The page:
Wetting and Microfluidic Flow of Liquid Crystal Droplets

Liquid crystals are at the heart of many cutting-edge technologies. Their potential is far from being exhausted as new areas of application emerge constantly. This project will focus on fundamental aspects in the domain of wetting and microfluidics of liquid crystal droplets.

Number of places



Home fee, Stipend


13 February 2018



BSc (Hons) 2:1 or equivalent degree in physics, mathematics or similar subject



Scholarships (fees and stipend) available on a competitive basis 

Project Details

Liquid crystals (LCs) are fascinating materials as they feature properties between those of simple liquids and solid crystals. They have been often referred to as the fourth state of matter and ushered in a technological revolution due to their unique capability of modulating visible light. The potential for technological applications is far from being exhausted as new areas emerge constantly, such as LC-based integrated lab-on-a-chip devices, micro- and optofluidic systems as well as biosensors.

In this project we want to investigate the flow and wetting behaviour of liquid crystalline droplets [1] close to functional surfaces and in micrometre-sized flow geometries. It will be carried out in a collaboration between the Department of Physics and the Department of Mathematics and Statistics at the University of Strathclyde and use a combination of computational methods [2] and analytical theory [3]. The outcome will be interesting from a fundamental point of view, but be also highly relevant for ink-jet printing processes that are used by manufacturers of liquid crystal displays.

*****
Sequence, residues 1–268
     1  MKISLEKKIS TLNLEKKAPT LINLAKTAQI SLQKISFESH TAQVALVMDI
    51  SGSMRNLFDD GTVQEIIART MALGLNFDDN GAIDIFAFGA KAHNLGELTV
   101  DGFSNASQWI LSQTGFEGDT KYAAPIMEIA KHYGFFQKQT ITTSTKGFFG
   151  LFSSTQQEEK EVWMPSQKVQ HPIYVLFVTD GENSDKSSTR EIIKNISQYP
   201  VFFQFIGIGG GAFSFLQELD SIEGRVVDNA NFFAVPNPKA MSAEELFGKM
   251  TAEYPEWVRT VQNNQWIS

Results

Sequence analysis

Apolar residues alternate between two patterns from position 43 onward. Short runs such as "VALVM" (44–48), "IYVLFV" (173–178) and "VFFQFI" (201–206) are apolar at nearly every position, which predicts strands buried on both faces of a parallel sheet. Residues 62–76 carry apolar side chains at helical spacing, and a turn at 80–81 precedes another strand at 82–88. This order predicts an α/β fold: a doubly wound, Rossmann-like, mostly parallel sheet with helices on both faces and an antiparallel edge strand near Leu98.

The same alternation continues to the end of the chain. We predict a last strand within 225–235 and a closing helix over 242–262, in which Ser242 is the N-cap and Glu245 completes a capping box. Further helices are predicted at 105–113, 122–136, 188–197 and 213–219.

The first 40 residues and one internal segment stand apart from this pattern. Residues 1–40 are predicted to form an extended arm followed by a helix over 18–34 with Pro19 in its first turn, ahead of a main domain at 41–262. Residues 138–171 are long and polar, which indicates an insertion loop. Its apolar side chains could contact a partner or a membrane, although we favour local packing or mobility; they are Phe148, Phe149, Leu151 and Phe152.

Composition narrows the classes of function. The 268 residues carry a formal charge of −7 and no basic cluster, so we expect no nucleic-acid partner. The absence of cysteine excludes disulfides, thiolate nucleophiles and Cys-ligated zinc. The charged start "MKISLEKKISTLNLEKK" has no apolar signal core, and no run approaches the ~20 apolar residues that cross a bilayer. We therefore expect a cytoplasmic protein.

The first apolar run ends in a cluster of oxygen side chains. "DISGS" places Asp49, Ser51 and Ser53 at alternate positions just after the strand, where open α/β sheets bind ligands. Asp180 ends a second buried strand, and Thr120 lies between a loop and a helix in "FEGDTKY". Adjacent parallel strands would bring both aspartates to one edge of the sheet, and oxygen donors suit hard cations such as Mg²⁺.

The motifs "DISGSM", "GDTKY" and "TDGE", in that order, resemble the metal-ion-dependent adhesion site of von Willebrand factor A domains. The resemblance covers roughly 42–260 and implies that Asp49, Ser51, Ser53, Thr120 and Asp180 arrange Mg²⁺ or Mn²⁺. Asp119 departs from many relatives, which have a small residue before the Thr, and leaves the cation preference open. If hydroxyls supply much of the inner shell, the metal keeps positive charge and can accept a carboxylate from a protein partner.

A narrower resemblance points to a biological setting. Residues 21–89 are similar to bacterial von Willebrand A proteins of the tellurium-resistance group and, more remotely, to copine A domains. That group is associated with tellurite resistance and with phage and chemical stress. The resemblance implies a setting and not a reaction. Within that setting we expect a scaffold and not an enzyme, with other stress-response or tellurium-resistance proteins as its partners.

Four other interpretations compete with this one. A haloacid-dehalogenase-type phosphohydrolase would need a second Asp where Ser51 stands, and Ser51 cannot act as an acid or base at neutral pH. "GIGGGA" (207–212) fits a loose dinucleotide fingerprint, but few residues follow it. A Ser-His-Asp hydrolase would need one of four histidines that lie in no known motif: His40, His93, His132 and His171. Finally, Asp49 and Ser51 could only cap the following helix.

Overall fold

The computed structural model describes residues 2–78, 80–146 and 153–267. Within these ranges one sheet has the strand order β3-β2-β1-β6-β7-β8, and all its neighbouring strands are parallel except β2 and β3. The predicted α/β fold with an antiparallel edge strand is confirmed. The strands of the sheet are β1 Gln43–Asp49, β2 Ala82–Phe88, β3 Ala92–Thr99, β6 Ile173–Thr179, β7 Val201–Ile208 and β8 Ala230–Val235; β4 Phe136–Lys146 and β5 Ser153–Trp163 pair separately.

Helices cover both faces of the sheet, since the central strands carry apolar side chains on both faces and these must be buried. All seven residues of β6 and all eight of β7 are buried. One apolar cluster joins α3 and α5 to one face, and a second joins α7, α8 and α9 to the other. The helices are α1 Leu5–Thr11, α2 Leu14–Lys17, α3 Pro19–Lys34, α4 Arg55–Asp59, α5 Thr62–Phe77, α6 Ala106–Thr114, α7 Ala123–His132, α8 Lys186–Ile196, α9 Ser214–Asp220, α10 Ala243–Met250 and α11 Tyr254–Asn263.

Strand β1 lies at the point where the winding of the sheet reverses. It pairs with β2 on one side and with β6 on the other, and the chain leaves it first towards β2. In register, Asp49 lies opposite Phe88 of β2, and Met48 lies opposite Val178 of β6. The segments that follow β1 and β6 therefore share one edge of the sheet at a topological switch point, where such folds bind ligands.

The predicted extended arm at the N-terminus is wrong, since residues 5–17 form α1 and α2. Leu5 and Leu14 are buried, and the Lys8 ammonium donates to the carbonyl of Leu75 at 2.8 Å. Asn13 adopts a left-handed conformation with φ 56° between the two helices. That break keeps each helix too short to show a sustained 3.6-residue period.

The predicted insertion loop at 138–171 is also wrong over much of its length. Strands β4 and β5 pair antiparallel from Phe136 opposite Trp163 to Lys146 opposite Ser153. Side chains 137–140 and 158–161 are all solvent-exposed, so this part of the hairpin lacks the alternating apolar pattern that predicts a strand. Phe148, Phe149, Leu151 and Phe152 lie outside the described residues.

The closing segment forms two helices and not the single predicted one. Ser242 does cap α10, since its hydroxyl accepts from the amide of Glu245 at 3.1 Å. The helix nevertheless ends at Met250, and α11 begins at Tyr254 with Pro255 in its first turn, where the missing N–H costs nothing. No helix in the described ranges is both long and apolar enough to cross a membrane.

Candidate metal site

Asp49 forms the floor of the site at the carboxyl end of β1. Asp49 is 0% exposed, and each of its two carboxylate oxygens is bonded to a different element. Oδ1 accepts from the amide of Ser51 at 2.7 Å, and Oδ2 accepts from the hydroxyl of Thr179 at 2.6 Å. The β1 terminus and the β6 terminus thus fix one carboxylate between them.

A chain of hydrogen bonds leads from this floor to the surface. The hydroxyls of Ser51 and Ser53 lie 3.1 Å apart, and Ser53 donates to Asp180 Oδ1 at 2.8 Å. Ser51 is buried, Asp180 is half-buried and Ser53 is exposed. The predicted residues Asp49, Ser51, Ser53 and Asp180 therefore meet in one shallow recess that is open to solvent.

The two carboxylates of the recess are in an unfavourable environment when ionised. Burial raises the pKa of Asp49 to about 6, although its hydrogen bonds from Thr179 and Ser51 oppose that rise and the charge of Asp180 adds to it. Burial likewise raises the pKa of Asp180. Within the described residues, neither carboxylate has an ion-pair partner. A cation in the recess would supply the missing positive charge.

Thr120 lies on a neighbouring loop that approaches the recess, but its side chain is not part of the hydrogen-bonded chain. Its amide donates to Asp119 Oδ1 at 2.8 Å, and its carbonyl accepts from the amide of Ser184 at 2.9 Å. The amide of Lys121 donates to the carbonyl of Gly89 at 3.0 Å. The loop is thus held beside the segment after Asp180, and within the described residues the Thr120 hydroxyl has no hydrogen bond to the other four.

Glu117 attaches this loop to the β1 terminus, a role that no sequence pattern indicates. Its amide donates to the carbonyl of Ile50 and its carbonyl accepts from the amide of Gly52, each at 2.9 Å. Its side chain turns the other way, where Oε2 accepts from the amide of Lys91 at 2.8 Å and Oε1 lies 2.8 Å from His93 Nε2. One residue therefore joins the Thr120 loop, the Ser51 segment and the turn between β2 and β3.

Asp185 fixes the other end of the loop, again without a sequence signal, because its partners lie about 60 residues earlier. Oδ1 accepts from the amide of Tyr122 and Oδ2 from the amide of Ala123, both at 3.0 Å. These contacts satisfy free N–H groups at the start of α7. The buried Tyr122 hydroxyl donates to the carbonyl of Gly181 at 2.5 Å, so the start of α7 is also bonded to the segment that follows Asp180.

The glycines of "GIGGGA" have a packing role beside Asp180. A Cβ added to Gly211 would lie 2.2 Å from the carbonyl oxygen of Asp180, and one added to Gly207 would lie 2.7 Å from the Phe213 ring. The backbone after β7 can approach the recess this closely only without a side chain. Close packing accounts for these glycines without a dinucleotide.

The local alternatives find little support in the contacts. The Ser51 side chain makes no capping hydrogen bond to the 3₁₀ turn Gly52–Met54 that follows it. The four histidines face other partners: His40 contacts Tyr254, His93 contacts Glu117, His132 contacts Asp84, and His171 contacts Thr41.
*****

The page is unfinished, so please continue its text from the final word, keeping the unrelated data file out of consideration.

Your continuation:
Key research directions include: Topological defects in droplets in flight or in suspended droplets; Impact of droplets on substrates and defect annealing; Equilibrium shapes and order structure of droplets on functional substrates.

The ideal candidate will have a 1st class honours degree or equivalent in Physics, Mathematics or a related subject and experience in soft matter physics, numerical analysis and computational fluid dynamics, such as the lattice-Boltzmann method. Programming experience in C/C++ as well as familiarity with high-performance computing are also highly desirable. 

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